Multiple newbie questions

Hello! I’m a newbie to LXC and after a few weeks of google’ing and playing with containers have a few questions to fill in some knowledge gaps. I apologize in advance as they are probably very basic, I’ve been unable to find a solid answer in my searching.


  1. I want to assign a public and private IP to each container and give them inbound/outbound net access. Should I use a bridge or macvlan? I’ve seen that bridges look to be more common (bonus: I’d like to provide basic firewall support from the host to block inbound traffic on specific ports to containers)

  2. My understanding it’s more secure to run unprivileged containers with security.idmap.isolated=true?

  3. Running security.idmap.isolated=true would give each container 65536 UIDs? Would I still be able to run a decent amount of containers per host? (My understanding via says yes, but wanted to confirm)

  4. Security wise: is it acceptable to run containers (with the above security settings) with untrusted code? If someone was able to break out of the container, they’d effectively be running as a nobody user with a unique UID so they wouldn’t be able to access any resources or cause damage?

  5. Would an unprivileged container be able to run a full “LAMP” stack (i.e. DB, web server, php/node/ruby, redis, etc)?

  6. Resource quotas/limits work for CPU/Memory/Disk usage, but disk IOs/MBs is not yet supported?

  7. Software wise, is the kernel the only thing shared between the host and a container? If I update libs/dependancies on the host will it affect the container’s libs/dependancies for packages? (I’ll be running Ubuntu as host and different flavors of supported linux distros as guests)

  8. This article ( states that:
    If, however, your VMs are running many different software programs, KVM would be a better choice.
    Is this still true (article is from 2015). Is it uncommon to run a “LAMP” stack (or variation of that) in a single container? I’m curious what “many different software programs” is referring to.

Thank you in advance for your time.


First of all, I think your question is a LXD question and not a LXC question, therefore I changed the post’s category to LXD.

LXC is when you run commands like lxc-create ... while LXD is when you run lxc launch .... See more at Comparing LXD vs. LXC In a nutshell, LXD is like LXC but with a useful manager/hypervisor service that helps you manage the containers.

Also, the containers in LXD are called system containers in contrast to the application containers in Docker and elsewhere. A system container is like a VM; you start it and it stays running until you stop it.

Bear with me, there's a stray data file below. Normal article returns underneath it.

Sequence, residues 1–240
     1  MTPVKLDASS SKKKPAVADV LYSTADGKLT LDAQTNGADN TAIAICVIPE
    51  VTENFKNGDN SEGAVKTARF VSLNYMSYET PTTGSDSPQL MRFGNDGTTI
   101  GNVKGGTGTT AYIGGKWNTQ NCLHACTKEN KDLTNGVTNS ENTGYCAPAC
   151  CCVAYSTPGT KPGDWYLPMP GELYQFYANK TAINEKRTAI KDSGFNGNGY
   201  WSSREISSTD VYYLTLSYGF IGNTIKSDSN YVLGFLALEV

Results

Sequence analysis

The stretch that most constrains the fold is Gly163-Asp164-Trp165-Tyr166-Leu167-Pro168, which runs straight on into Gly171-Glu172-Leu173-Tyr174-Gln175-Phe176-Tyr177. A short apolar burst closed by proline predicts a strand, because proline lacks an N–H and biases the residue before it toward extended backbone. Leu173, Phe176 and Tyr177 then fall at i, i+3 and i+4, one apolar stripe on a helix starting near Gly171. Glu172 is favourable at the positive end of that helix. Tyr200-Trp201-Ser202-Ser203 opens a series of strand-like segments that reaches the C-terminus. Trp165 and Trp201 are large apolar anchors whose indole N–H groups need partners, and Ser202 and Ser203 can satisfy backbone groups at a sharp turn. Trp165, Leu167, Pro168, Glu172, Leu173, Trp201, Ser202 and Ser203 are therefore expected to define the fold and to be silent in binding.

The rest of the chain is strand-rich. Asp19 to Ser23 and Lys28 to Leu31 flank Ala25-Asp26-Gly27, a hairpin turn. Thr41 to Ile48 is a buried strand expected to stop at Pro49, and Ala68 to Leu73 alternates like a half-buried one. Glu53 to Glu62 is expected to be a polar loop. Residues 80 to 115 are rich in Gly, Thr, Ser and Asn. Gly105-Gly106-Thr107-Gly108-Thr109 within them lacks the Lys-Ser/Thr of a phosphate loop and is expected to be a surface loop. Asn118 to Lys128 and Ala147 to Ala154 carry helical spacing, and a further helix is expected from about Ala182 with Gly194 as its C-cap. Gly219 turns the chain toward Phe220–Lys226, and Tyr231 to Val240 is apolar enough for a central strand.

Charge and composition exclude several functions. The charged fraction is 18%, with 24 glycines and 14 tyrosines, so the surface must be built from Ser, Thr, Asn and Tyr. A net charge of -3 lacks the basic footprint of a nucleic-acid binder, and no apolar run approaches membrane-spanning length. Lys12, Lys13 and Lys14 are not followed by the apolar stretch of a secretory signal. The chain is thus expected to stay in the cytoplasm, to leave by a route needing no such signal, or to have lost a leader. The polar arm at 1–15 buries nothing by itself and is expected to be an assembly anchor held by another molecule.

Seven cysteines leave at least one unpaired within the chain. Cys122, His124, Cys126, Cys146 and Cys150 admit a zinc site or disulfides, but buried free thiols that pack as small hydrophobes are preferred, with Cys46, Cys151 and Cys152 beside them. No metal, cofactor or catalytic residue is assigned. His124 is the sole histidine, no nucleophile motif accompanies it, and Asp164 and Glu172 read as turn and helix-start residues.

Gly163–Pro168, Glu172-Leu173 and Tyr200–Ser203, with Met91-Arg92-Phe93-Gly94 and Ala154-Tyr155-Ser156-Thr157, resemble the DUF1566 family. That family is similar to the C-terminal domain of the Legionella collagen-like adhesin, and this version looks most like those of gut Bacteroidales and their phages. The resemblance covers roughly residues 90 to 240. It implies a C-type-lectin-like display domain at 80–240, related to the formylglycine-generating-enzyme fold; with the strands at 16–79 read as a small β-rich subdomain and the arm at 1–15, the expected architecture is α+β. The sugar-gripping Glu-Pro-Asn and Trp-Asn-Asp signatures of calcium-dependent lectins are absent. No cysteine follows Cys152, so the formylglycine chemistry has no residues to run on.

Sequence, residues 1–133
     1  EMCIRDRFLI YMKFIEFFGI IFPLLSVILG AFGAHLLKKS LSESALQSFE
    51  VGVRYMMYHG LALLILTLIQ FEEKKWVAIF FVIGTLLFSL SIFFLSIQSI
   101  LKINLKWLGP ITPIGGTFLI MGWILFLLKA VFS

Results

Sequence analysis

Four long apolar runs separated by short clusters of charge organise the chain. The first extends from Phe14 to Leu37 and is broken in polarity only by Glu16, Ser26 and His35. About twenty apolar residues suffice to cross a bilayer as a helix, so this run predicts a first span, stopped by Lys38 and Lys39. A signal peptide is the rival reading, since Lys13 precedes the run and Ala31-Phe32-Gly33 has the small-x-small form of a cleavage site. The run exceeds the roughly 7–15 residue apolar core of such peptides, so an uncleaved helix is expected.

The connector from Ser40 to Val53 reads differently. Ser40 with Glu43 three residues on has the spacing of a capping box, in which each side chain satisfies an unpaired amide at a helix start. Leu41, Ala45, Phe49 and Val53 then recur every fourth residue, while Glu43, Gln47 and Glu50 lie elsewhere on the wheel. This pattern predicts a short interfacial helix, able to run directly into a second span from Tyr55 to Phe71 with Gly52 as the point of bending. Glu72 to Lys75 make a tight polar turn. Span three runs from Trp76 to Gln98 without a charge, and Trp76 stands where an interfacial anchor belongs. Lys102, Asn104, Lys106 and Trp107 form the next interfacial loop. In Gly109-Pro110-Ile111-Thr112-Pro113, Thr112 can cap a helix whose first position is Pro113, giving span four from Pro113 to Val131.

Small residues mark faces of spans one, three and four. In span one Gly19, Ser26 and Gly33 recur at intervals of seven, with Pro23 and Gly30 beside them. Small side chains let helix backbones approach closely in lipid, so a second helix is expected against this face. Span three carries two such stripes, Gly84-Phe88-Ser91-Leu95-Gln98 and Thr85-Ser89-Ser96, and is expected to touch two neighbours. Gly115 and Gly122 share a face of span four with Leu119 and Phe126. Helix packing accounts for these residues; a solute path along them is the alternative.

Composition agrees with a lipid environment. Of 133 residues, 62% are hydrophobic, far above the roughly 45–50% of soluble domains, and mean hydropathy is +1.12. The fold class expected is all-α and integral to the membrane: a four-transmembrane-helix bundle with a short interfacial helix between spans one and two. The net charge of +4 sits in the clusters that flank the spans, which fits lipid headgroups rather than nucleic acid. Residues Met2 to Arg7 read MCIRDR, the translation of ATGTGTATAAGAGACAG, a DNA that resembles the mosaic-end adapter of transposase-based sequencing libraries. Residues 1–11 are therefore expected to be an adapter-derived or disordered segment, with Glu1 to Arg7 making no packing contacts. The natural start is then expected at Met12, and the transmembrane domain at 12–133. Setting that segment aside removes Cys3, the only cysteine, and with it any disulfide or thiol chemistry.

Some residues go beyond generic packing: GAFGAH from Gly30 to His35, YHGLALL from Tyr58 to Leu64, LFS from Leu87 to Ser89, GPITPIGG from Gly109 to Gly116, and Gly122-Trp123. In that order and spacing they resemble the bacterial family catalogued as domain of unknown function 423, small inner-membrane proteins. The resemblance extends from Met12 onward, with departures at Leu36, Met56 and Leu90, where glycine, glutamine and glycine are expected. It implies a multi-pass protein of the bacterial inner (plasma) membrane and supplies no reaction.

1. In terms of security, some users prefer to isolate the host from the containers. In the host there will be no services running, and all services will be in the unprivileged containers. In that case, macvlan suits quite well. In addition, I think it is more straightforward to setup firewall rules in individual containers rather than setting them all onto the host. If you feel more comfortable with the bridge though, go for it.

  2. security.idmap.isolated=true makes the containers to have different ranges of ID between each other. I have not seen some practical security issue on this yet.

  3. On Linux, the UIDs are unsigned int (/usr/include/x86_64-linux-gnu/bits/typesizes.h), which means that they go up to about 4 billion. You can fit more than 60000 containers in there.

  4. On untrusted code, you would consider between a VM (hardware virtualization) and a system container (software virtualization). On both you have cases of escapes, VM escapes and container escapes. For container escapes, see which describes the most recent incident, and gives you a good background on privileged/unprivileged. In addition, see which describes that a member of the lxd group can become root on the host (members of the lxd group are considered administrators in LXD, therefore it is wrong to give lxd membership to non-admins).

  5. An unprivileged container can run the full LAMP stack. Ideally, you can create multiple containers so that one is the db, another the www, a third the proxy (reverse proxy) and so on. Each gets automatically an internal hostname of the form db.lxd, www.lxd, etc. so that you can configure your, let’s say, WordPress to use the database server db.lxd. You would only expose the reverse proxy (port 443) to the Internet.

  6. Regarding the resource limits, see There is a background there on what resources can currently be limited. In practice, (at least for some common workloads) you would not put limits in the system containers so that they can use as much resources as needed.

  7. Indeed, the kernel is only shared between the containers and the host. LXD is the manager or hypervisor that manages these system containers. If LXD crashed for some reason, the running containers would still keep running. If you run the snap package of LXD, the full set of software is included in the package and has no (or minimal?) dependencies from the host. Each container is created from a distro runtime, which are fully separate from the host.

  8. I do not know what is meant to say with that sentence. It does not look like a direct quote, and I do not think that it refers to whether you can run the full LAMP stack on LXD system containers. It might refer to running software like OpenStack.

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Thank you @simos for the very thorough answers, I really appreciate it!